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Tuscan Excalibur? Volume 55 Number 1, January/February 2002
by Roberto Bartoloni

[image] "Italian Excalibur" (Courtesy Luigi Garlaschelli) [LARGER IMAGE]

For centuries skeptics have questioned the legend of the "Italian Excalibur," a sword allegedly plunged into a stone by Galgano Guidotti, a twelfth-century knight who gave up warmongering to become a hermit and, after his death, was made a saint. A University of Pavia team recently decided to investigate the legend, and confirmed that the style and composition of the sword, still displayed in its rock in a small chapel in Tuscany, is consistent with Guidotti's time. A ground-penetrating radar survey of the chapel revealed an underground cavity near the stone that may be Guidotti's tomb, while two mummified hands displayed in the chapel, allegedly from someone who attempted to remove the sword, have been carbon-dated to the twelfth century. Further research into Guidotti's sword is expected, but readers should be informed that the sword was easily removable from the stone until 1924, when the crevice was filled with lead.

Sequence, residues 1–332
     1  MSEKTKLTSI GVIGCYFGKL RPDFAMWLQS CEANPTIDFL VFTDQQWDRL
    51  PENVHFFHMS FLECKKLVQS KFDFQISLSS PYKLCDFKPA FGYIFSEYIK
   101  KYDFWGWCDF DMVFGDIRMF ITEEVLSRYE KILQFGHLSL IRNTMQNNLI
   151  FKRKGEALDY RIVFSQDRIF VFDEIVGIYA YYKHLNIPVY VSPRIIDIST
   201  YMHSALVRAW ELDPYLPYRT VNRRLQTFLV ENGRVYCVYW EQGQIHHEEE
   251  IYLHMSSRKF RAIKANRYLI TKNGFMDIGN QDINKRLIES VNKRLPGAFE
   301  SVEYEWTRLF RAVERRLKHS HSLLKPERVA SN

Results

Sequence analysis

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© 2002 by the Archaeological Institute of America
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